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Economic modeling approaches for wildlife and species conservation

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  • Anders Skonhoft

    ()
    (Department of Economics, Norwegian University of Science and Technology, Norway)

Abstract

This paper presents modeling approaches for wildlife and species conservation with a special emphasis on large mammals in a developing country setting. In such countries there are frequently conflicts over land use and species conservation, and institutions for managing conflicts are often weak or even lacking. In addition, most of the world species and biodiversity are found in developing countries. Two main issues are discussed. First, we study a situation where the wildlife is valuable, but is considered a pest by the local people living close to the wildlife. Second, we consider models with a discrepancy between management geography and biological geography, and where the species flows between a conservation area with no harvesting and a neighboring area with harvesting and possible habitat degradation.

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File URL: http://www.svt.ntnu.no/iso/WP/2006/6leipzigpaper0306final.pdf
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Bibliographic Info

Paper provided by Department of Economics, Norwegian University of Science and Technology in its series Working Paper Series with number 7006.

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Length: 28 pages
Date of creation: 28 Feb 2006
Date of revision:
Handle: RePEc:nst:samfok:7006

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  1. Johannesen, Anne Borge & Skonhoft, Anders, 2005. "Tourism, poaching and wildlife conservation: what can integrated conservation and development projects accomplish?," Resource and Energy Economics, Elsevier, vol. 27(3), pages 208-226, October.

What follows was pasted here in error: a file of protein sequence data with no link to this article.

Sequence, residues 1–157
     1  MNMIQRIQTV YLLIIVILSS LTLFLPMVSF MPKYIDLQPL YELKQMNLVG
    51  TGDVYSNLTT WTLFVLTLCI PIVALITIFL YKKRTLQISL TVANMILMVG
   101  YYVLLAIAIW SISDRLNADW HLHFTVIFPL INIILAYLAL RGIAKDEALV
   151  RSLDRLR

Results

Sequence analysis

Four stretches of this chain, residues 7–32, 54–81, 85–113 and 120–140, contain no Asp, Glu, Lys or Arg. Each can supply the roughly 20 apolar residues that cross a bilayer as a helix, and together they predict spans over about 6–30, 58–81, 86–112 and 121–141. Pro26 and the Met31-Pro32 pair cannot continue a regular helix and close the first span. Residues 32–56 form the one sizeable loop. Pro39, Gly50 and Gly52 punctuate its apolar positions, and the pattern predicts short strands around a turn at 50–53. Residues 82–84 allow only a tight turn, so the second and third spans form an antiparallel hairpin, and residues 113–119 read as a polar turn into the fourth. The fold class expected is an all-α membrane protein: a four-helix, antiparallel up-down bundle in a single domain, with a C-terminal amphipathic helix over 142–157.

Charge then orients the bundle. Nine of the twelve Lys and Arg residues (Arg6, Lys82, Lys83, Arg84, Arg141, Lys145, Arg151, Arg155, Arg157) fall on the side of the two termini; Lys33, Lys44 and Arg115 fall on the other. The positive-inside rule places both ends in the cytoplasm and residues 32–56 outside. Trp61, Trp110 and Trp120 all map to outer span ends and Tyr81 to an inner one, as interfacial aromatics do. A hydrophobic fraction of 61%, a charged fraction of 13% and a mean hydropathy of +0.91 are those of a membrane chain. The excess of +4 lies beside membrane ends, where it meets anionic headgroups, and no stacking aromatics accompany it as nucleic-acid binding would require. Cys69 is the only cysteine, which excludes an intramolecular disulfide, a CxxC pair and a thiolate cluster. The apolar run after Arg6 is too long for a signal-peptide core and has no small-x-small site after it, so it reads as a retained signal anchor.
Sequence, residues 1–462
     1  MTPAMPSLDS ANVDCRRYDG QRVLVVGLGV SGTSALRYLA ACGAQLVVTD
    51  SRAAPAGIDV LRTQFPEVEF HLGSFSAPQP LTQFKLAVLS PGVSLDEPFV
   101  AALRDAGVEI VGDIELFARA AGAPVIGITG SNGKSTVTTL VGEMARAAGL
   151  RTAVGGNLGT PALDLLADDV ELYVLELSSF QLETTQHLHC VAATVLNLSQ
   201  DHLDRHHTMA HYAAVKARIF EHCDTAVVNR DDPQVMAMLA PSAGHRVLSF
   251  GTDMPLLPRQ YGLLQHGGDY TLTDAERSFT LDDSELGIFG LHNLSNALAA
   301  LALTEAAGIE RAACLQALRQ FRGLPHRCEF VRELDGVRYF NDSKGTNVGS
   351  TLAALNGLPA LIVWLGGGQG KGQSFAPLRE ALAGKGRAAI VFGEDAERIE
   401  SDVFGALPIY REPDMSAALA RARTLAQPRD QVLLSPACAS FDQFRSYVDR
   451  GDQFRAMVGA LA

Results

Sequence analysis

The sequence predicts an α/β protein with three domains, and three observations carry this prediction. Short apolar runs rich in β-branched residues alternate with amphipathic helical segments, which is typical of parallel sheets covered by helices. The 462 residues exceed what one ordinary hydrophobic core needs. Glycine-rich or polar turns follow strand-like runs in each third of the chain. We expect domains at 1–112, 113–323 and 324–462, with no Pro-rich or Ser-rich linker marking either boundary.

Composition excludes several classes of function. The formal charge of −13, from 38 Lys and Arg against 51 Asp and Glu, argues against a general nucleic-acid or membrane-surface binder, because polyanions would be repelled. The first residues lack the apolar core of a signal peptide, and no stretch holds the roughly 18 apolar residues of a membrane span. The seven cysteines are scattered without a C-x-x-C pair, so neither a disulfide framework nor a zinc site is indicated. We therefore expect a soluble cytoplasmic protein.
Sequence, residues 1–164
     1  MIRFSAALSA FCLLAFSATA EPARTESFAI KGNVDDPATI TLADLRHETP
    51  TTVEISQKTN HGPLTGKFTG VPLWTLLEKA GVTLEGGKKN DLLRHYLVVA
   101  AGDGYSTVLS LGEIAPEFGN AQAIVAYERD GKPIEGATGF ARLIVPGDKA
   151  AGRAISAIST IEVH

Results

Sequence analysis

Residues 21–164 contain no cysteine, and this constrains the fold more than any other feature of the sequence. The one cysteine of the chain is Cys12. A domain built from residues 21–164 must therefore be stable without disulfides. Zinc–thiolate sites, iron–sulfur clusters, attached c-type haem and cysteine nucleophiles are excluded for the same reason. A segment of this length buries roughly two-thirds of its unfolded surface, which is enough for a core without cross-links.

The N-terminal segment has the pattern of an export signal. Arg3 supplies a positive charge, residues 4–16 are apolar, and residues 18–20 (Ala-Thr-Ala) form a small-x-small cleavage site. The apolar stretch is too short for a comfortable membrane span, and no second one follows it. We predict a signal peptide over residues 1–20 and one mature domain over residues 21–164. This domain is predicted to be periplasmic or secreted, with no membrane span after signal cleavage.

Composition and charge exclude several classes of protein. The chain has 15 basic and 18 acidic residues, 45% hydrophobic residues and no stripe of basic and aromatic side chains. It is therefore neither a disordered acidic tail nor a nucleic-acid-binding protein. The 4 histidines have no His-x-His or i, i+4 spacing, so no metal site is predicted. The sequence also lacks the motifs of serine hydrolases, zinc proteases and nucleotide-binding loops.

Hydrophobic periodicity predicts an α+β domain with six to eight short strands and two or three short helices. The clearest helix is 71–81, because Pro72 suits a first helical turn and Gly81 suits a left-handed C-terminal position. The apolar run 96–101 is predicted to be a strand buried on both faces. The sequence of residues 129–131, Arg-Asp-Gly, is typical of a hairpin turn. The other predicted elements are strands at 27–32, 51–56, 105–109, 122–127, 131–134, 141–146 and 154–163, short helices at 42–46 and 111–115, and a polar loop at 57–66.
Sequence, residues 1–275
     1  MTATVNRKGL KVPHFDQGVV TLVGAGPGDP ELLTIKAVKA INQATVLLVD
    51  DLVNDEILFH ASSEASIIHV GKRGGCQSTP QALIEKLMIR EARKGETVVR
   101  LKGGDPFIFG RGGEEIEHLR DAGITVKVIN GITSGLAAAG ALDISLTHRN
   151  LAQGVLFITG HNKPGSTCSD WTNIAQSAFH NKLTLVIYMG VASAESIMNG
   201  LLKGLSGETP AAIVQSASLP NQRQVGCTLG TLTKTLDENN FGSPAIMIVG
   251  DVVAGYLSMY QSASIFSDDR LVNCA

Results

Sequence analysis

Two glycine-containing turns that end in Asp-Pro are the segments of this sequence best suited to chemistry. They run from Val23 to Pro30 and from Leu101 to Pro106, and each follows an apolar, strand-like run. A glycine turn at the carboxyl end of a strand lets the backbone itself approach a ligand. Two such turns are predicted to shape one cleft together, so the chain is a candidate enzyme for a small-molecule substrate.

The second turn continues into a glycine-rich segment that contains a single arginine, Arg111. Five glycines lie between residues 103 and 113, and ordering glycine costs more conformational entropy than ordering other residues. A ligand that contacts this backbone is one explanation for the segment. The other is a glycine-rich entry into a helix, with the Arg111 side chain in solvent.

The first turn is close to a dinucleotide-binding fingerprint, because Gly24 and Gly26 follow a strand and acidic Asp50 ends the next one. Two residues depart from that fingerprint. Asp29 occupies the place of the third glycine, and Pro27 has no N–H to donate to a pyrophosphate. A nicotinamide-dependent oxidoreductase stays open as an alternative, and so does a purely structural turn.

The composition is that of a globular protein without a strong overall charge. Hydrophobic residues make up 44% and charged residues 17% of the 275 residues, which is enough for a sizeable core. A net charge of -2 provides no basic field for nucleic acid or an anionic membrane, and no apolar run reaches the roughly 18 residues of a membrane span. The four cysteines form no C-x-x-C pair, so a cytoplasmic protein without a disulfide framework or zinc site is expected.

2. Anders Skonhoft & Claire Armstrong, 2005. "Marine reserves. A bio-economic model with asymmetric density dependent migration," Working Paper Series 5005, Department of Economics, Norwegian University of Science and Technology.
  3. Kiss, A., 1990. "Living with wildlife," Papers 130, World Bank - Technical Papers.
  4. Weitzman, Martin L., 2002. "Landing Fees vs Harvest Quotas with Uncertain Fish Stocks," Journal of Environmental Economics and Management, Elsevier, vol. 43(2), pages 325-338, March.
  5. Partha Dasgupta & Karl-Göran Mäler, 2003. "The Economics of Non-Convex Ecosystems: Introduction," Environmental & Resource Economics, European Association of Environmental and Resource Economists, vol. 26(4), pages 499-525, December.
  6. Jon Olaf Olaussen & Anders Skonhoft, 2004. "Managing a Migratory Species that is both a Value and Pest," Working Paper Series 3904, Department of Economics, Norwegian University of Science and Technology.
  7. Schulz, Carl-Erik & Skonhoft, Anders, 1996. "Wildlife management, land-use and conflicts," Environment and Development Economics, Cambridge University Press, vol. 1(03), pages 265-280, July.
  8. Smith, Vernon L, 1975. "The Primitive Hunter Culture, Pleistocene Extinction, and the Rise of Agriculture," Journal of Political Economy, University of Chicago Press, vol. 83(4), pages 727-55, August.
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Cited by:
  1. Carole Ropars-Collet & Philippe Le Goffe, 2009. "Nuisible ou gibier ? Une analyse économique de la chasse des grands animaux en France," Post-Print hal-00730031, HAL.
  2. Vallino, Elena & Aldahsev,Gani, 2013. "NGOs and participatory conservation in developing countries: why are there inefficiencies?," Department of Economics and Statistics Cognetti de Martiis. Working Papers 201318, University of Turin.
  3. Sébastien Foudi, 2012. "Exploitation of soil biota ecosystem services in agriculture: a bioeconomic approach," Working Papers 2012-02, BC3.
  4. Messer, Kent D., 2010. "Protecting endangered species: When are shoot-on-sight policies the only viable option to stop poaching?," Ecological Economics, Elsevier, vol. 69(12), pages 2334-2340, October.
  5. Sonja S. Teelucksingh & Paulo A.L.D. Nunes, 2010. "Biodiversity Valuation in Developing Countries: A Focus on Small Island Developing States (SIDS)," Working Papers 2010.111, Fondazione Eni Enrico Mattei.

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